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PM Mitsotakis: “Brand Greece” Must be Refreshed This Year

Brand Greece
Katsiki, Lefkada, Greece. File Photo

Greek PM Mitsotakis believes that “Brand Greece” must be refreshed once again this year, after the worst of the pandemic is over, letting the world know once again that it is ready to “hit play again” as the nation not only ramps up for another tourist season but creates an economic climate for new development and investment as well.

He believes that the tourism sector is not the only one which will benefit from refocusing on all Greece has to offer — now that there is a new economic outlook, he hopes to attract even more business development than he has in the recent past and to entice more Greeks abroad to come back to the land of their birth to work and live.

“Sunny ambitions”

After years in what the magazine Monocle called “years in the geopolitical wilderness” Prime Minister Mitsotakis is “hitting play on his nation’s sunny ambitions” in a bid to remind the world what “Brand Greece’” means — and to expand that meaning.

The story recounted that after winning election in July of 2019, Mitsotakis immediately began to create a more business-friendly environment in the country, after years of austerity and economic difficulty. However, just as the economic reality was markedly improving in the country, the pandemic broke out and the Greek leader was faced with helping his nation navigate the uncharted waters of a global health crisis.

The nation is strongly encouraging “Digital Nomads,” those who can work anywhere in the world via computer, to settle in Greece and has also instituted a 7% income tax rate for retirees — from anywhere in the world — to come and live in the country.

“Mitsotakis has hit play on a new image and role for Greece that is seeing the return of a highly talented diaspora, a rapid rise in foreign direct investment, and tax incentives given to encourage an increasingly vibrant start-up scene” the writers note.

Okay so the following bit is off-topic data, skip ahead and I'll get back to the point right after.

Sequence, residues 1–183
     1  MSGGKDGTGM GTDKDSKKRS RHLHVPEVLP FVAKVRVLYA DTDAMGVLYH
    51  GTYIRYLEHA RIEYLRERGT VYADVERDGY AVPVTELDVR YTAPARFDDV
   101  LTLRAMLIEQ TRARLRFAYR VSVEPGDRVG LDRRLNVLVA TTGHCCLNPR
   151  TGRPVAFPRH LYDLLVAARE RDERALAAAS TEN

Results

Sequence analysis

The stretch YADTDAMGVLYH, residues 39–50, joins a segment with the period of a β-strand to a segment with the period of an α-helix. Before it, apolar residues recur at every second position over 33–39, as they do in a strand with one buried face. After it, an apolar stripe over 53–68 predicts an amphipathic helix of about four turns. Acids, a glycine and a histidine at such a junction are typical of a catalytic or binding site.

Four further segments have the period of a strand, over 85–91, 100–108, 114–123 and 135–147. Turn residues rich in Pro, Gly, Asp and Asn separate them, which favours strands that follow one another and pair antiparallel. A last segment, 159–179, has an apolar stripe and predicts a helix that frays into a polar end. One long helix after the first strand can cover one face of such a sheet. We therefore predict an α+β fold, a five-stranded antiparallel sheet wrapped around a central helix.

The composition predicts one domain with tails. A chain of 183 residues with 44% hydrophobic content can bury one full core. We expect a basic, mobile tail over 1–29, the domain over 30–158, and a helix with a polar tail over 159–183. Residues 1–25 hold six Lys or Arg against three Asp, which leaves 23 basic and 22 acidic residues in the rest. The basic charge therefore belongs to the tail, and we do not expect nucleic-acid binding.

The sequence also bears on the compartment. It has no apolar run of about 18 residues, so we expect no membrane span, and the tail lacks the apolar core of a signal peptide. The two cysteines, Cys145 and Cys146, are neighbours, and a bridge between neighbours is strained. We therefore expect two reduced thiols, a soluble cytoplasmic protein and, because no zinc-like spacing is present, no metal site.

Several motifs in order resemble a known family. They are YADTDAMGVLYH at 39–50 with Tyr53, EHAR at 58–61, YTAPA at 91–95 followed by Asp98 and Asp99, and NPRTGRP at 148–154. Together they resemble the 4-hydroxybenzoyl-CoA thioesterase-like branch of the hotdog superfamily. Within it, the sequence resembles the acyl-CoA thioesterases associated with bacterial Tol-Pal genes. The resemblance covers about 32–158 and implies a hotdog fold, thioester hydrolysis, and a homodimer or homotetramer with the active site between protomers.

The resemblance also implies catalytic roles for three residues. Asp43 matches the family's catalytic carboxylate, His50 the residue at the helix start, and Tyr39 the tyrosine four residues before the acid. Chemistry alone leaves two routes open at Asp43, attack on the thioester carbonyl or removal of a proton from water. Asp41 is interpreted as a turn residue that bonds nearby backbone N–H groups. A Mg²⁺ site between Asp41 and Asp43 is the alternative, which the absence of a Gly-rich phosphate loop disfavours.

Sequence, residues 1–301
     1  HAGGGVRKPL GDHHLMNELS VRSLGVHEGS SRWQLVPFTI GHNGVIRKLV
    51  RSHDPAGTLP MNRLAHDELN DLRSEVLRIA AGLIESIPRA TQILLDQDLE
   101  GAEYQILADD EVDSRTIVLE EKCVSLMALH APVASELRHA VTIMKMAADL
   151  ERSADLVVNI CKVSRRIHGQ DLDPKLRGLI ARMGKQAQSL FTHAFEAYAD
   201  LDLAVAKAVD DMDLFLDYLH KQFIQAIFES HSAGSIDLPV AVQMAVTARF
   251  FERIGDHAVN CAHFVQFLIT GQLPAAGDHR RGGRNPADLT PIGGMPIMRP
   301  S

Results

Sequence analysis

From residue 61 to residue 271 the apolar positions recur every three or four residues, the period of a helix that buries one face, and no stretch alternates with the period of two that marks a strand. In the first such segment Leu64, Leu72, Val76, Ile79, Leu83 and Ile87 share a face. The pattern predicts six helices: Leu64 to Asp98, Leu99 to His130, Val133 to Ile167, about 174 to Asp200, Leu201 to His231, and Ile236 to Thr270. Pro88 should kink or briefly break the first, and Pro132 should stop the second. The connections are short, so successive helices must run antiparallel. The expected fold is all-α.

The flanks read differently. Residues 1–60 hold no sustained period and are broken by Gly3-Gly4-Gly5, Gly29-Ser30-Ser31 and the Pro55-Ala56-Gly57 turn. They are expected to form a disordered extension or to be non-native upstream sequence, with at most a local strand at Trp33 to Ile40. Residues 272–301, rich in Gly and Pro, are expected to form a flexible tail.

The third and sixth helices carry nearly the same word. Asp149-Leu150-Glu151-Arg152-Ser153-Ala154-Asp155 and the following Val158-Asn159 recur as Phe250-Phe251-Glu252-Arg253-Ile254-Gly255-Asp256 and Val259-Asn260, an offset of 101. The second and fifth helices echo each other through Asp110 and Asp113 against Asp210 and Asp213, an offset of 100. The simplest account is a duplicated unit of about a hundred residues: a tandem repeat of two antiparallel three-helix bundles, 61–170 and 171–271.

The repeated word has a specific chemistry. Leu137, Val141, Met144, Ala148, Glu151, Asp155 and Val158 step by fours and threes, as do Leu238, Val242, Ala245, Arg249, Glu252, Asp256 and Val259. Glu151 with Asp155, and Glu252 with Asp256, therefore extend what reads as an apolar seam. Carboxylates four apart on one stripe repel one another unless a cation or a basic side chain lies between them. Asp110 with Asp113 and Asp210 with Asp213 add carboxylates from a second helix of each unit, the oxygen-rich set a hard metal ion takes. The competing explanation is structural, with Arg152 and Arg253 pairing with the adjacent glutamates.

This shows the Prime Minister’s “renewed determination for Greece to play a pivotal diplomatic, military and economic role in the Eastern Mediterranean, where relations with Turkey are tense because of clashing claims over maritime borders and ‘exclusive economic zones.”

The Monocle story quotes Mitsotakis as saying: “For a country that came out of ten years of economic hardship with a healthcare system that had come under a lot of strain, we’ve done remarkably well. I’m a big believer in trust. And trust between people and the political elite had been shattered during the (financial crisis of 2008 and its aftermath).

“We’re rebuilding this trust, step by step,” he explains. “There’s a general feeling that Greece has turned the corner, a new sense of national confidence – that’s very much exhibited in our diaspora.

“Country moving in the right direction”

“These are highly talented people who left the country during the crisis. The reason they’re returning – or contemplating returning – isn’t just to do with the fact that they’re offered more professional opportunities; it also has to do with a general sense that the country is moving in the right direction.”

The move adroitly taps into the current professional realities of many across the world due to Covid-19. Those who once worked in cubicles or desks in sprawling offices have now been working from home for the better part of the last year.

For some, this shift to remote work has proven to be welcome, improving their professional and personal lives. Others are starving for exploration and adventure because of Covid-19 restrictions, and see the change as the perfect opportunity to work and travel once it’s safe.

Large corporations around the world have found worker productivity and satisfaction to be increased now that many have the freedom to work wherever their employees want, and following their own schedules.

Tech giants moving into Greece

Some companies, like Google, have even suggested that they would continue this work-from-home model for the majority of their staff even after the pandemic is long over.

The country has started by reducing taxes by 50% for those who decide to make Greece their home base. Additionally, Greece has promised significant tax benefits to court Greeks living abroad, lost to the brain drain during the financial crisis, to return to the country.

This model has proven to be quite effective, bringing in a number of highly-qualified, creative workers already working remotely to Greece, drawn to the country’s vibrant culture and stunning natural landscapes.

Tech and pharmaceutical giants, such as Microsoft and Pfizer, have even begun major operations in the country, which was once mired in an immense economic recession.

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